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Leuven

01/09/2013

I was a little late in my day trip to Leuven, and finally boarded the train at 10:45 in the morning.  I had initially intended to stay for a night or two, but the local youth hostel was closed for January.  I got talking to two locals on the journey, who were very helpful with suggestions for my journey.  The journey was longer than the one to Mechelen, and I fortunately did get out at the right station this time.  I had an added bonus in the the M van Museum was en route from the station to the historical centre, and was a pleasant experience of local art.

However one can have a very enjoyable time merely rambling about the city admiring the architecture, with a Grote Markt and a large church being the standard staple of many such Belgian towns.  That is not to say that these are monotonous features, and neither is the Begijnhof, which is especially magnificent in Leuven.

The bustling Christmas market in the town square was also a pleasant sight, although perhaps my lack of festive fatigue was due to the fact that I had a very quiet Christmas not marked by the standard excess.  The stalls, lights and happy crowds made up somewhat for the dismal weather.  The square might have been empty otherwise, and that may have been rather depressing in January.  I have always thought of the Catholic religion as been sensual, in a nice way, and Catholic Belgium certainly knows how to produce, and enjoy, good food and beer.

Leuven is also home to one of the oldest universities in the world, with the Katholieke Universiteit van Leuven being founded in 1425.  It subsequently became a university of choice for the children of Catholic Irish gentry in its time, but was also the site of a notorious attack by advancing German troops in the First World War.  The library was looted and pillaged before being set ablaze, and the rebuilding and restocking of this took generations.  In this they were very generously helped by various American universities and other institutions.  However the library had to be divided after protests by Flemish students in the sixties over the lack of instruction in their mother tongue.  The original university was to become a Flemish medium institution, while Louvain la Neuve was built near Brussels for the French speaking students.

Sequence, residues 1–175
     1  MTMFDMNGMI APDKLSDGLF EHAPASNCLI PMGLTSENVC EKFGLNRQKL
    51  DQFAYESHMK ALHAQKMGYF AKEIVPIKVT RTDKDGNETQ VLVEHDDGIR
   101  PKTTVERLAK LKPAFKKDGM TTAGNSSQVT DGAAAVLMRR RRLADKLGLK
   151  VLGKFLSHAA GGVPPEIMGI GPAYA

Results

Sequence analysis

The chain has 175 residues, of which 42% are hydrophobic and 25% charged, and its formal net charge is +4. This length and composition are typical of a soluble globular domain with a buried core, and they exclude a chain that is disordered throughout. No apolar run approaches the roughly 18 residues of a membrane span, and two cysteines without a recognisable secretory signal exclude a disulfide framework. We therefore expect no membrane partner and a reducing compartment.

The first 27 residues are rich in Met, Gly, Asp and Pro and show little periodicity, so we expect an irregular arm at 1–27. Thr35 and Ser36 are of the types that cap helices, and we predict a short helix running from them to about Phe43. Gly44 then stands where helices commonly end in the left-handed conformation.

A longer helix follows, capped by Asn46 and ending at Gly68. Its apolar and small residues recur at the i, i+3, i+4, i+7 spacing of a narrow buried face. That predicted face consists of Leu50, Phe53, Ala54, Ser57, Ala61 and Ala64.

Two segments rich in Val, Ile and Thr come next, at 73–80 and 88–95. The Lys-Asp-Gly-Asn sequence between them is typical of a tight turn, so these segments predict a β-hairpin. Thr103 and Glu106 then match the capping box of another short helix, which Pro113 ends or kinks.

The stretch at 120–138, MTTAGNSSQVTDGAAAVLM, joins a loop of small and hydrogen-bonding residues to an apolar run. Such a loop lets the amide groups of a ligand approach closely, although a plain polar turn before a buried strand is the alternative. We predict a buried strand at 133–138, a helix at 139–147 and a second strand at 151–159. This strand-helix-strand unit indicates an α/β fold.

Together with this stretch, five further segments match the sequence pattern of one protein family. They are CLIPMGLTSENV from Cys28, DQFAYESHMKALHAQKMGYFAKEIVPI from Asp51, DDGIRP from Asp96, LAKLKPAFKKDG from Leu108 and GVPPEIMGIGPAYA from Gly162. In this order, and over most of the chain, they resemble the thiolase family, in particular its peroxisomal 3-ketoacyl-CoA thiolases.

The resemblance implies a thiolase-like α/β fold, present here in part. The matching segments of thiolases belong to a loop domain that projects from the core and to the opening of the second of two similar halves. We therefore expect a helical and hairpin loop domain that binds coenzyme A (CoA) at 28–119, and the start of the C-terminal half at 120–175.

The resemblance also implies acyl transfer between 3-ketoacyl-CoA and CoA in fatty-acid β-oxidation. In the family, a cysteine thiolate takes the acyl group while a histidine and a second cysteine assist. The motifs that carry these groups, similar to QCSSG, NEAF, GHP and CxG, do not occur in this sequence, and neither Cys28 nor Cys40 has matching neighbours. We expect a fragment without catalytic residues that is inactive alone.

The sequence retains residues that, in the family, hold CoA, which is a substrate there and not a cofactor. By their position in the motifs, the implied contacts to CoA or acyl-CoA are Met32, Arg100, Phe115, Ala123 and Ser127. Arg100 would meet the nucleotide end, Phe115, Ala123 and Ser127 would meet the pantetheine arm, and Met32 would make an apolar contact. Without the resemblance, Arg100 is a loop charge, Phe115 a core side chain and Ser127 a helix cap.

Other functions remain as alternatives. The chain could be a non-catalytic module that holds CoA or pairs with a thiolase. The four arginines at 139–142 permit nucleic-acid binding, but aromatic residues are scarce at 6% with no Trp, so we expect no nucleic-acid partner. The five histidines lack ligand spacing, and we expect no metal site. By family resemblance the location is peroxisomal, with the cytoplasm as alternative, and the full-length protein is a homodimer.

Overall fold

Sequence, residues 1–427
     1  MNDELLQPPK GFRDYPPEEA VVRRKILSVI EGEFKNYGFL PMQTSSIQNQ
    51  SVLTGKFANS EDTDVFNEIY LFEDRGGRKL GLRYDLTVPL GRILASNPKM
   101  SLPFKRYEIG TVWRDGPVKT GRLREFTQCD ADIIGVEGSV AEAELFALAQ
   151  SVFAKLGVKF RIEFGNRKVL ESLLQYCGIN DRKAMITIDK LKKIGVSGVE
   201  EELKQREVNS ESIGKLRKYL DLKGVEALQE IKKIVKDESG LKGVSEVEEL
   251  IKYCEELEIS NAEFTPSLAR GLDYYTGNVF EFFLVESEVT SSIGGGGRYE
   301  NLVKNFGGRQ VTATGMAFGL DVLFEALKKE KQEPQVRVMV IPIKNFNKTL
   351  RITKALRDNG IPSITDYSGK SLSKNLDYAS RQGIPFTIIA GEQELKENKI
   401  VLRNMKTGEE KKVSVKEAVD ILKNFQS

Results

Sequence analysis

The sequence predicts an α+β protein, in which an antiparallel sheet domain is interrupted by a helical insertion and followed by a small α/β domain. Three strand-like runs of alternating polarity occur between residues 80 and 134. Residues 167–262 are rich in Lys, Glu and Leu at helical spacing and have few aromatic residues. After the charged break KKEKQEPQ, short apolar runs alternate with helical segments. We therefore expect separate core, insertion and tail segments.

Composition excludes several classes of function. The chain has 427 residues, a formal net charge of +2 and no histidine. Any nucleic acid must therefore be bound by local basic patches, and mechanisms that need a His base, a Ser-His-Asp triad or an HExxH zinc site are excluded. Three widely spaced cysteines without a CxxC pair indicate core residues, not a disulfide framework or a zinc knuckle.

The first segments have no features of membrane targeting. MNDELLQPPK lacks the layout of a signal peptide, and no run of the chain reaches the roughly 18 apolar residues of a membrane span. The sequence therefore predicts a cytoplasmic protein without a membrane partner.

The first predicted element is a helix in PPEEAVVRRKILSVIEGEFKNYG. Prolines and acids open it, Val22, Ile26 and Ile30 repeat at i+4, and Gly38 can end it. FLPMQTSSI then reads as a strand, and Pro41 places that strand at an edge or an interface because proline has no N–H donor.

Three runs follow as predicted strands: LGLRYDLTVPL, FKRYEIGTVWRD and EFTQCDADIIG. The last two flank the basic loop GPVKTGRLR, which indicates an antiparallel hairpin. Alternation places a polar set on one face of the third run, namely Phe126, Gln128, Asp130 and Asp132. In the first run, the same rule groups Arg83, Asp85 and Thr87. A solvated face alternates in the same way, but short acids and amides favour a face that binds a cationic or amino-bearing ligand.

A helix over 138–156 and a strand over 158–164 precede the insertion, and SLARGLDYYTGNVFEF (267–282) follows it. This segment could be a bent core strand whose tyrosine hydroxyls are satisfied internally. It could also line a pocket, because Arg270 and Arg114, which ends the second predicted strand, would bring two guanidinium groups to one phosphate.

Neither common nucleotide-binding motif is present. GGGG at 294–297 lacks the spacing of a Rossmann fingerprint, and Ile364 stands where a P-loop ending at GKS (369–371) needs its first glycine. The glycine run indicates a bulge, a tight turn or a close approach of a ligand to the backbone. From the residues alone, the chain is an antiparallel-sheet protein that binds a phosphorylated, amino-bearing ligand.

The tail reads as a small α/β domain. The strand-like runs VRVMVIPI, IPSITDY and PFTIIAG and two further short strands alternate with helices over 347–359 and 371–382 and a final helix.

A statue in the town is dedicated to the famous humanist, Desiderus Erasmus.  Since my exchange programme is dedicated to this particular gentleman, I made sure to seek out the statue and photograph it.  Afterwards I took some time to relax in St Peiters Kerk for a while, to relax after the crowds swarming around the market made me a little claustrophic.

I subsequently strolled down to the Begijnhof, which was once a refuge for widows and spinsters but is now a student residence.  The gorgeous buildings and quiet atmosphere made me rather envious of the students lucky enough to be living here, which is probably how Dutch students feel about my dorm on Prinsengracht.   At the heart of this lovely oasis of calm is the St Jan de Doperkerk, or Church of St John the Baptist, which is also a rather impressive structure.

Even though the weather was chilly and rather drizzly, I decided to stay in town for a while longer.  I discovered a cosy student bar which contained a stunning tapestry, and a hot chocolate soon warmed me up on a cold afternoon.  I had decided to visit the Domus restaurant for dinner, and try their locally produced beer.  The spaghetti I had was quite adequate, and their beer is rather good.  It also had the advantage of a catchy name – Nostra Domus, which is easy enough to remember.

The train journey back to Antwerp was long, but quiet and uneventful after such a long day.  I decided to visit a small town called Lier the following day, rather than just have a lazy Sunday around Antwerp.  This is a town on the Antwerp – Leuven railway line, and is thoroughly charming.  It had all the usual sights which I had come to know and love about Flemish towns; the church tower, the town square surround by restaurants and the Groot Begijnhof.  The latter is impressive, even compared to the wonderful Begijnhof at Leuven, while Lier does have one particularly unique feature.  This is the Zimmertoren, a clock tower featuring a particularly colourful and ornate timepiece.  The features include a globe in which the Congo is still a Belgian colony, making this a clock trapped in time.

I had thoroughly enjoyed my time in Belgium, and made sure to do some window shopping in Antwerp’s fashion district before catching my train to Luxembourg.  The area contains numerous well known brands, but also some quirky local start ups and homegrown talent.  One should not forget that the city also contains its fair share of Belgian chocolate outlets, and chocoholics should avail of every opportunity to treat themselves.  I heartily recommend a visit to this small country with a big heart.

 

 

 

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